Members of the Organisation for the Prohibition of Chemical Weapons (OPCW) have schooled customs officials in the country on best control mechanisms of the importation of chemical objects which could be diverted to constitute weapons that would mar the country's stability and by extension its socio-economic development.
The visiting OPCW officials who are in the country to meet with the various stakeholders to sensitise them and to solicit their support for the efficient control of these objects and the respect of international convention yesterday November 7 held a capacity-building workshop to give best practices for efficient controls at the borders. According to the leader of the delegation, Amoh Bernard, Coordination/Planning Officer at OPCW, the Convention on the Prohibition of the Development, Production, Stockpiling and Use of Chemical Weapons and on their Destruction, an international convention to which Cameroon is signatory, stipulates that each State monitors the imports and exports of chemicals that are on the schedule of chemicals in the Chemical Weapons Convention.
This is so that other chemicals should not be diverted for use as weapons. "With the convention, if a country exports chemical products to Cameroon, it would report to the organisation that we exported this amount and kind of chemicals and Cameroon would also report back to OPWC so that we can see that the chemicals haven't been diverted. But when it comes to imports and exports, customs officials are the ones who are charged with the responsibility in each country. So, we want to be sure that customs officials here have the capacity to identify these chemicals," he said.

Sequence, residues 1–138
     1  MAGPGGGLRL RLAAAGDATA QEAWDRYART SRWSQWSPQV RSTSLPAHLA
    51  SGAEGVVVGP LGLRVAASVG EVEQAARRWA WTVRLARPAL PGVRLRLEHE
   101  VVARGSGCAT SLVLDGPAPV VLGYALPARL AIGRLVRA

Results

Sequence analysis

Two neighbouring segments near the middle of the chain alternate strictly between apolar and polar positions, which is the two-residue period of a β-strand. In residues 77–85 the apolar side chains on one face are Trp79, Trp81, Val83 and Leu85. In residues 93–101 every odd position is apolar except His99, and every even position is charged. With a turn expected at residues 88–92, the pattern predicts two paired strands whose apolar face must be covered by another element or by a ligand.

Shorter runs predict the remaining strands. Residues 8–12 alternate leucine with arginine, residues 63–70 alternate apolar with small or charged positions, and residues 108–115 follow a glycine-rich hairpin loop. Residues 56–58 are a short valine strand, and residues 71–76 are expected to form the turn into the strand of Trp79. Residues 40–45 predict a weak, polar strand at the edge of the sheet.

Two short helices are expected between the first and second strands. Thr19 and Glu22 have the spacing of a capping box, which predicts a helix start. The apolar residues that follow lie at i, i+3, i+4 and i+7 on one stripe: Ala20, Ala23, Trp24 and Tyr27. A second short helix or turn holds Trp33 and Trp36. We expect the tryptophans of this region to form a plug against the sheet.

Cameroon, he added, joined the convention in 1996 and has been putting together its drafts (National Implementation Legislation) which will provide the legal framework for the implementation of the convention. "I believe a lot of work has been going on and that the draft is already in the Prime Minister's Office and he and other stakeholders are finalising it. At the end of this workshop, we hope to be able to provide customs officials with the capacity to be able to recognise what they need to do in case some of these chemicals do come into the country because these are chemicals that we use in everyday life," Amoh added.
Participants among others, sharpened skills on the provisions of the international convention, chemical products concerned, how they can be identified, current challenges of declaring imports and exports of the products as well as practical questions linked to their imports and exports.
The visiting delegation, all things being equal, will this Thursday hold talks with the Minister of Mines, Industries and Technological Development as well as a workshop with industrial and commercial actors of the chemical sector.